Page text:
Worried about companies selling your data to advertisers? Being a guinea pig for social research? Having your shopping data sold to hospitals? Well, that’s so last week. This week, data trading is the new currency.
Forbes describes how Rio de Janeiro’s Department of Transport is watching aggregated data feeds from smartphones being driven and walked around Rio thanks to popular apps Waze and Moovit. They are also talking to cycling app Strava to start tracking cyclists as well. Their goal is to use this data to better control and route traffic in and around Rio. In return, the apps receive information from the city’s data collectors such as sensors and traffic cameras. Waze plans to integrate this information into the service they then provide their users.
There is a lot to like about this use of users’ location information. The “greater good” is achieved by aggregating individual user data to provide a better experience for everyone. Imagine using such technology after special events to help traffic cops route traffic in a smarter way, coordinated across all intersections and all neighboring streets. Last week, after Mountain View’s 4th of July’s Fireworks it took some guests over 2 hours to travel the mile and a half to the freeway. Mountain View’s police stated that over 25 thousand people attended the event and it seemed that the traffic cops were using walkie-talkies to communicate traffic issues. A coordinated, central response could have helped everyone get out of Shoreline faster. This is what Rio is trying to do around the World Cup games being held in the city and it makes sense.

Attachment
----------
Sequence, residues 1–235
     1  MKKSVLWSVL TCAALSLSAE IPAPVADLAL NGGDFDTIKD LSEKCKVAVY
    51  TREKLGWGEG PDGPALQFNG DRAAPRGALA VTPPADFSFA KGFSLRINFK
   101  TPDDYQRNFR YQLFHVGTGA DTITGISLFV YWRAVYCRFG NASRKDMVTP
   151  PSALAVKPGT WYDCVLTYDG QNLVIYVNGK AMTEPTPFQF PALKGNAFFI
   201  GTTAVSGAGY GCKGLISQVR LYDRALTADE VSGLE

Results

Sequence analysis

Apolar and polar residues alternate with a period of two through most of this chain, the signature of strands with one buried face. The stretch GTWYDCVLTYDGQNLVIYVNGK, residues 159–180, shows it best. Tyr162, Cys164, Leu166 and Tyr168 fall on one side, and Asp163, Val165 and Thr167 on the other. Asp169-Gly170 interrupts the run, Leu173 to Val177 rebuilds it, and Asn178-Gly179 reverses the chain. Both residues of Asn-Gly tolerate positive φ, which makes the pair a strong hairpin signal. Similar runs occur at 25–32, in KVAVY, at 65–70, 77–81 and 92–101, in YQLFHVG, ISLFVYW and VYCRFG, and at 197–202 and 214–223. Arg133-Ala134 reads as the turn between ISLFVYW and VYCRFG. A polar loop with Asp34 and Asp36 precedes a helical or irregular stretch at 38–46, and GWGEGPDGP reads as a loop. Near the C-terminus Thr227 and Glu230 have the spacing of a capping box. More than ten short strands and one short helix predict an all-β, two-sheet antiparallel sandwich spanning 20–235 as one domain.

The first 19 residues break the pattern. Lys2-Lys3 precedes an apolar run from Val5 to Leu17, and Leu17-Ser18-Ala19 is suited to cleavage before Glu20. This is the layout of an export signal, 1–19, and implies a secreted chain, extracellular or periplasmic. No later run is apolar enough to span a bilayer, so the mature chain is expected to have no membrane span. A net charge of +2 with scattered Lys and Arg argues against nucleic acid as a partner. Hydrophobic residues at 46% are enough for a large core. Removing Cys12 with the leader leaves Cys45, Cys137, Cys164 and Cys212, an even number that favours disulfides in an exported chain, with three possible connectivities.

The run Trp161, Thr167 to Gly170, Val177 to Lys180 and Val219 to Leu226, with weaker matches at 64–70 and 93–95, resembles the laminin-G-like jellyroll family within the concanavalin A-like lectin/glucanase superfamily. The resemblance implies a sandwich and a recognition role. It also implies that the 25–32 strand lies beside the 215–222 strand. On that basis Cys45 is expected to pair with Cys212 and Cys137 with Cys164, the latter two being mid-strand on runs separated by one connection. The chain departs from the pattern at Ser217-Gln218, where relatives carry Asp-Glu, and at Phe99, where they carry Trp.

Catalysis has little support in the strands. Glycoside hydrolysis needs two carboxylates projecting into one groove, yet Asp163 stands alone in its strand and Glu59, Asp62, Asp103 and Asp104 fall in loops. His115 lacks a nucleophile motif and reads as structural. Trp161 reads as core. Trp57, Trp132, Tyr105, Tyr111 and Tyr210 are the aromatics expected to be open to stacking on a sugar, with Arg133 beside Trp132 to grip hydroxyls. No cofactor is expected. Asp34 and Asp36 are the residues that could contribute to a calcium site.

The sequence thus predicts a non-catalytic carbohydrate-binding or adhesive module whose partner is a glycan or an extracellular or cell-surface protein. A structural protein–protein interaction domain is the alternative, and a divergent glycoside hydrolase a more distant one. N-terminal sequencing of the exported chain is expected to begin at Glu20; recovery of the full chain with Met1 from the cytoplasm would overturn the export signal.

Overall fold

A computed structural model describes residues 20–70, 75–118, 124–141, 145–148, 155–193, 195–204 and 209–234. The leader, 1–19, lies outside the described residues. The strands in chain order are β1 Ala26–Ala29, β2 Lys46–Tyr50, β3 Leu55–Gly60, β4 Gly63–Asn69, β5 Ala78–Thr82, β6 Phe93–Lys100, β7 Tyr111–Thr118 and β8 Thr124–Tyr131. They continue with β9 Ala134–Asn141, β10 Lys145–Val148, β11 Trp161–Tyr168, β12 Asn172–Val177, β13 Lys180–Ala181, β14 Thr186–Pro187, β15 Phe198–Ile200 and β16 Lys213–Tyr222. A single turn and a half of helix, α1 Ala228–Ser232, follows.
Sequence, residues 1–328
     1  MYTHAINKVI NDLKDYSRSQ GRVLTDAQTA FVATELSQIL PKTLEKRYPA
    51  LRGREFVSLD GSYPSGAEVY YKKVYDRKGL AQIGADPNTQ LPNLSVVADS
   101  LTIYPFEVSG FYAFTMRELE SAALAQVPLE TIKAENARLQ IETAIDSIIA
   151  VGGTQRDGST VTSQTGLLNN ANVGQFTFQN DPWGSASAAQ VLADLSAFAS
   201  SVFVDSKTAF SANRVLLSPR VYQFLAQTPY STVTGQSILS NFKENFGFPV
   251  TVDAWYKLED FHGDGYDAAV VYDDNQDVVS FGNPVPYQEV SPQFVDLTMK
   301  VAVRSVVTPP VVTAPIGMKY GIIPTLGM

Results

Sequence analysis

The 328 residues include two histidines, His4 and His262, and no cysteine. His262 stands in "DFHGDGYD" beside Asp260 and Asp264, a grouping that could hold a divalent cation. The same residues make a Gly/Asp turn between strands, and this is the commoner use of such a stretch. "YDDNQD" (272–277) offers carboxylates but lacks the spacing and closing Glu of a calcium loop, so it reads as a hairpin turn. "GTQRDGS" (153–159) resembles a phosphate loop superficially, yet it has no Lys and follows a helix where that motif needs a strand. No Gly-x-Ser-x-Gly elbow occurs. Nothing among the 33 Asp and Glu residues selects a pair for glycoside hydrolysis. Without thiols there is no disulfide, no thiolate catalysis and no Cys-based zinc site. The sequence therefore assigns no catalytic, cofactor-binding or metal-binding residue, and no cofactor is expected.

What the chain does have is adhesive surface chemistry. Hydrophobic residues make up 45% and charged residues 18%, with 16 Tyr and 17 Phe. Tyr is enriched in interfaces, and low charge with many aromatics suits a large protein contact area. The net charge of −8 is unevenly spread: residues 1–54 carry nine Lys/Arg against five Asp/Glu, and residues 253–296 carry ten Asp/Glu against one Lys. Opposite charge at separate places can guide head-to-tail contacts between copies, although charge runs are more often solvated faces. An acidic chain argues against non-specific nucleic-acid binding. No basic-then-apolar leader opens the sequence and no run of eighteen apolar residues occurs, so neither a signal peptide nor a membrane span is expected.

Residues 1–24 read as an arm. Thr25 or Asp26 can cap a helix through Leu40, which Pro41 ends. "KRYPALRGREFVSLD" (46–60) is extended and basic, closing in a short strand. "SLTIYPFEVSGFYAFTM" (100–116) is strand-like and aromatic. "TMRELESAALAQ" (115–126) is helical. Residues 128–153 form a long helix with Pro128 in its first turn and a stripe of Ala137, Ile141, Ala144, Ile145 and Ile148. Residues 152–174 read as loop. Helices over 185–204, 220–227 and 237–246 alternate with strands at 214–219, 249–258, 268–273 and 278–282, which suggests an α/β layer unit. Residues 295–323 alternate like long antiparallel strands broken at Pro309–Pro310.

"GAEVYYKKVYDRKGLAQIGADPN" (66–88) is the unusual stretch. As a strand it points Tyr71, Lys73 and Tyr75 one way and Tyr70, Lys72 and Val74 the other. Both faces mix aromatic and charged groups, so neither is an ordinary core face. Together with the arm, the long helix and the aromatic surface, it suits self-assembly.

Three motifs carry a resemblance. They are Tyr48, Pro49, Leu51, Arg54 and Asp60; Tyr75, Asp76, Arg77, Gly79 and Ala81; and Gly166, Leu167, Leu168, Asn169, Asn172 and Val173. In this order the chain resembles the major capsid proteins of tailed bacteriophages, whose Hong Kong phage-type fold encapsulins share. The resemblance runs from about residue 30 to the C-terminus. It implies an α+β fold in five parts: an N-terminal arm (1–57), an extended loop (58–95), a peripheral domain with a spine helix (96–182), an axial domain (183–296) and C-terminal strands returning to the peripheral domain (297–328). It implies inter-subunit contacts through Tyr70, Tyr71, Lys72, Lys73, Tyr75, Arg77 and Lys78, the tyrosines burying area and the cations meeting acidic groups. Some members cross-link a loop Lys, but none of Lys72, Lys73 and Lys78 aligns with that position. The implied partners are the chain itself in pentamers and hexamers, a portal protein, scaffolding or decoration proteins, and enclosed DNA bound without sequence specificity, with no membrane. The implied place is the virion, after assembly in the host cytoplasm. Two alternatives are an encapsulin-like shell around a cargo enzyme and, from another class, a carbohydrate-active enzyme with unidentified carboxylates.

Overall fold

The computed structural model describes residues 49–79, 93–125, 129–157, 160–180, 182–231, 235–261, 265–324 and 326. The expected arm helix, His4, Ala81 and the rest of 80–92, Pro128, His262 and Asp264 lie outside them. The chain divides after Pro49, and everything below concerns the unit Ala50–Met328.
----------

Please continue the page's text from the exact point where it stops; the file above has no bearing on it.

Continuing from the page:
I’m not sure about any of the answers to the above questions but I look forward to see how app developers, social networks, and tech companies deal with these issues in the near future.